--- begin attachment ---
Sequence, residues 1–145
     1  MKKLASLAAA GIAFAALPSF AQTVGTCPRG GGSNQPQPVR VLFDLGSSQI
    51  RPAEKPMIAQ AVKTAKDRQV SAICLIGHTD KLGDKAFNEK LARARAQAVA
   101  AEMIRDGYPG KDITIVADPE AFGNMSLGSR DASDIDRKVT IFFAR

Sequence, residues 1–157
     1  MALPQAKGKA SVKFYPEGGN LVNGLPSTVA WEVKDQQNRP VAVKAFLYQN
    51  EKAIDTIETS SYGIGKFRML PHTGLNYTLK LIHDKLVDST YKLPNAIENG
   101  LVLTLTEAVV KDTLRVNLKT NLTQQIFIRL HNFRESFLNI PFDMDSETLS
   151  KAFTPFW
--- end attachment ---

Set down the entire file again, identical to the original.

Sequence, residues 1–145
     1  MKKLASLAAA GIAFAALPSF AQTVGTCPRG GGSNQPQPVR VLFDLGSSQI
    51  RPAEKPMIAQ AVKTAKDRQV SAICLIGHTD KLGDKAFNEK LARARAQAVA
   101  AEMIRDGYPG KDITIVADPE AFGNMSLGSR DASDIDRKVT IFFAR

Sequence, residues 1–157
     1  MALPQAKGKA SVKFYPEGGN LVNGLPSTVA WEVKDQQNRP VAVKAFLYQN
    51  EKAIDTIETS SYGIGKFRML PHTGLNYTLK LIHDKLVDST YKLPNAIENG
   101  LVLTLTEAVV KDTLRVNLKT NLTQQIFIRL HNFRESFLNI PFDMDSETLS
   151  KAFTPFW